This budget ramps up the Liberal government's avoidance of scrutiny and its complete lack of integrity. I'll give a couple of examples. Surprisingly, shockingly, over the next four years this budget bakes in $26 million of cuts to ASIC's core operational funding. This is not the special projects stuff; this is the everyday core funding that the regulator of the financial and banking sector needs to do its job. You might think that's a 1 April joke coming in the context of the scandals emerging from the banking royal commission—the royal commission which the Prime Minister, the former investment banker himself, had to be dragged kicking and screaming to actually have. There is shocking evidence emerging of mismanagement, cultural problems and a failure of the regulator to act. There is scrutiny now on handshake deals. You commit a crime, you get found out and you get popped in a room where the regulator says: 'You've been a bit naughty there; let's negotiate a penalty.' And you say: 'I don't want to pay that much.' And they say: 'All right, what about a bit less?' You say: 'I don't want to pay that much.' They say: 'What about a bit less?' You say: 'All right, we'll cut a deal on that.' The regulator has been shown to have a lack of resources, yet the government is cutting funding to the banking and financial services regulator. You'd think even the boneheads in the government who put the budget together would realise this is not the time to cut the funding to ASIC.

But while they are on a roll, from the end of this year the budget also ends funding for the Serious Financial Crime Taskforce—just as the banking royal commission winds up! It's going to be magic: 'We'll have an election by then; we can go back to normal programming.' This is a task force consisting of the Commonwealth Director of Public Prosecutions, the Australian Federal Police, ASIC and others investigating the most serious crimes in the financial sector. They've admitted they have 22 ongoing matters. They won't be wrapped up by the end of the year. Who knows what will happen? The government should send a leadership signal and a cultural signal to this sector right now that this stuff will not be tolerated and there is going to be a strong cop on the beat rather than cutting funding to ASIC and winding up the task force that is actually trying to do something about it.

It comes amidst $205 million of cuts to the Australian Federal Police. Apparently the Prime Minister says that's not the case, yet you've got the Federal Police saying it is. I don't know who is lying now. We'll let the public work that out. There have been 4,000 staff cut from the ATO since this government was elected five long years ago, many of which, we have proven, have been replaced with short-term labour-hire contractors that actually cost more. This is not a cost-saving measure; it's an ideological attack because of those staff caps. And there has been no support for a national integrity commission.

Labor has committed to introduce a national integrity commission ensuring that the public sector, MPs and the Governor-General—everyone in the public sector—are subject to proper scrutiny. The Attorney-General finally fessed up last week in a letter he wrote back—an outbreak of honesty moment. He said, 'The government believes there is no persuasive evidence that we need this.' He used to say that he wasn't close minded. Now he says 'no persuasive evidence', so we presume he's now closed his mind. It's suggested by that letter that the government will therefore fall well short of any anticorruption body with broad-ranging powers. It's important to note that anticorruption bodies are very different from fighting crime: they're proactive, they're investigative, they have compulsion and they provide a much stronger effect on the system of deterrence, as we've seen in the states and territories. Admittedly, there are flaws in some of the state and territory bodies, but I don't think anyone in the real world, in the general public, would say that they have not served an important purpose overall in flushing out corruption in the public sector and setting a better culture in deterrence. I think the case has been established on its merits and made quite thoughtfully by the Leader of the Opposition and the shadow Attorney-General. I also think it's a step—it's not sufficient but perhaps a necessary step—to starting to rebuild some of the public trust which has been lost in a very damaging way between citizens, those elected to serve them and the public sector more broadly.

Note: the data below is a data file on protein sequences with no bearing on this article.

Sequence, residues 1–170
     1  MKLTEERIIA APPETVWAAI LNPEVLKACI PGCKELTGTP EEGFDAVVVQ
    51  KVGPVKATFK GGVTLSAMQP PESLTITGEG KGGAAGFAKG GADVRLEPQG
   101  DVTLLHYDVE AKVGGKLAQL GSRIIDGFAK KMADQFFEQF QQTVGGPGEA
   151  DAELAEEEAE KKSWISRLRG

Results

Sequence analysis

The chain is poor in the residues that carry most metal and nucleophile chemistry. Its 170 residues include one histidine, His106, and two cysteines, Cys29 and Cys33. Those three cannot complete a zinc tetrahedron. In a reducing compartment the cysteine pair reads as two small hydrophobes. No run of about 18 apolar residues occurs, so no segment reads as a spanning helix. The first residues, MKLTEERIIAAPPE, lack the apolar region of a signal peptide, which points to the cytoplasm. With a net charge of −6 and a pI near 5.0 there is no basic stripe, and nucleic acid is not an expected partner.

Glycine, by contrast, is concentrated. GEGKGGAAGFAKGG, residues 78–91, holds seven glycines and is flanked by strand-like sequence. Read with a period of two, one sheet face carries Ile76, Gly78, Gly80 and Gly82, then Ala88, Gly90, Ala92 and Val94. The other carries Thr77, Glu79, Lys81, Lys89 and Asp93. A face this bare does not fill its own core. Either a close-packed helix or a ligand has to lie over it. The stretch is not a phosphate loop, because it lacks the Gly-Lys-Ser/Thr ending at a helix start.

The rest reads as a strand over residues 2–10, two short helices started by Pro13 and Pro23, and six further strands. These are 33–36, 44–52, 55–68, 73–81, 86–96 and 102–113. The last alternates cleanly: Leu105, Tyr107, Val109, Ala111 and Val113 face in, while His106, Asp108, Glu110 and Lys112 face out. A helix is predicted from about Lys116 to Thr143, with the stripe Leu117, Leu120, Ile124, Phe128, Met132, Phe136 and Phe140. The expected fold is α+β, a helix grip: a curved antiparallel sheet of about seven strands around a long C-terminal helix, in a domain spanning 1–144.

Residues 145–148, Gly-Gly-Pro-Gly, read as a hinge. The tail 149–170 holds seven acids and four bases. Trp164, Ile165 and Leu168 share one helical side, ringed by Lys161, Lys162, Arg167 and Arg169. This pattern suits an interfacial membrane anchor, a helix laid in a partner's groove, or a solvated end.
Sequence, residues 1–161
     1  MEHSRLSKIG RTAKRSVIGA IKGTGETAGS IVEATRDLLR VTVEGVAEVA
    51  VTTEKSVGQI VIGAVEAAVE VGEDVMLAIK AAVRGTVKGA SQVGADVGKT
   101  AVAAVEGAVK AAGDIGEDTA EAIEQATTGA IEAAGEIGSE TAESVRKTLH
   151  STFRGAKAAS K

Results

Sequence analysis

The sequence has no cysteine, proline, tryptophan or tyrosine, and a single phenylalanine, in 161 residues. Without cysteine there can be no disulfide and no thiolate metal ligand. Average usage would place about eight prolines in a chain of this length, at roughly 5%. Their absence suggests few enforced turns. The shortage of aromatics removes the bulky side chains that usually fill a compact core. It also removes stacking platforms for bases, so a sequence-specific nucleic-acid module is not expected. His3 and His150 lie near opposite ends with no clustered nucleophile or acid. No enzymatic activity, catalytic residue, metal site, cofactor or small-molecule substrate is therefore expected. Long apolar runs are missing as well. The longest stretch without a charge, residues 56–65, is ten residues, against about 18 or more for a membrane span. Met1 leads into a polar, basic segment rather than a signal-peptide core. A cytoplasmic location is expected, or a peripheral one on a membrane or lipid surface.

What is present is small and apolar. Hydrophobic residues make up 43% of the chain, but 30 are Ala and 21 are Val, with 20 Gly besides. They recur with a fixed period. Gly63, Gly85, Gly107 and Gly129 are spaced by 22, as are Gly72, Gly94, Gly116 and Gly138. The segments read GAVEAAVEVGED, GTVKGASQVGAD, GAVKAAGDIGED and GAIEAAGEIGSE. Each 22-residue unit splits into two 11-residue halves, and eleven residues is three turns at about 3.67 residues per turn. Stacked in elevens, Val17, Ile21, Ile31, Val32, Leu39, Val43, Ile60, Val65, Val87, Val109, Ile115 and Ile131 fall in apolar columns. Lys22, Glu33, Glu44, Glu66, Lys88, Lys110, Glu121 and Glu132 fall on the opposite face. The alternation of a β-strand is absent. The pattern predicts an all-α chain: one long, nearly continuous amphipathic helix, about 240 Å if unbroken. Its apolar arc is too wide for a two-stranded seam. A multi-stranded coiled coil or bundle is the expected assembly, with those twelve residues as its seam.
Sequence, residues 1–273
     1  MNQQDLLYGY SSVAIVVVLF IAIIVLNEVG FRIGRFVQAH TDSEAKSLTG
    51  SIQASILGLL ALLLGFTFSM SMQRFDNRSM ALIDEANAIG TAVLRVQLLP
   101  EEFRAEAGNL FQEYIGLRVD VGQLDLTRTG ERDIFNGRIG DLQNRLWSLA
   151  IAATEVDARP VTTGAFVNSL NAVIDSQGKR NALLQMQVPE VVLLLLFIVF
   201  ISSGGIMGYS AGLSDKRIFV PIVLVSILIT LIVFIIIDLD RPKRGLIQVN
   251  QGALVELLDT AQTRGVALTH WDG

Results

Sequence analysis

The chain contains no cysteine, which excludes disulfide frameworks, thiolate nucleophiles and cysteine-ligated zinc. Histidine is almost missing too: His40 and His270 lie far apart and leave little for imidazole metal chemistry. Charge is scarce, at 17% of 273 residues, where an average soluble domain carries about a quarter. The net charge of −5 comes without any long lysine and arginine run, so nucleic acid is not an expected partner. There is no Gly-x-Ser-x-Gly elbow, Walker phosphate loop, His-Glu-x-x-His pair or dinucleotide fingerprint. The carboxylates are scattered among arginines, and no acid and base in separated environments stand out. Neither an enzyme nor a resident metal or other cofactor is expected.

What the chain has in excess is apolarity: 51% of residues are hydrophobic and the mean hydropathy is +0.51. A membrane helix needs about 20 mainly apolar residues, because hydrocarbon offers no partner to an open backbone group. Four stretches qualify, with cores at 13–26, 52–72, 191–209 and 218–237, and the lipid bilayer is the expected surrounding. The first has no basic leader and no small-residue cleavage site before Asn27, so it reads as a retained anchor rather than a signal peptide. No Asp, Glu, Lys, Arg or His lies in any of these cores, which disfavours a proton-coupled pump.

This is an issue for which I'd encourage the Liberal backbench to focus for once on something useful. I don't mean the member for Bennelong; I think his comments on cities, affordable housing and so on are laudable. But, instead of advocating for the watering down of legislation so the priority would be to let people say more racist stuff by weakening the Racial Discrimination Act or for burning coal—the Monash Forum shamefully appropriating the name of Sir General John Monash for purposes against the wishes of his family: burn coal, burn coal—perhaps this is something the Liberal backbench can focus on. Otherwise, Australians can rightfully ask, 'What have you got to hide?'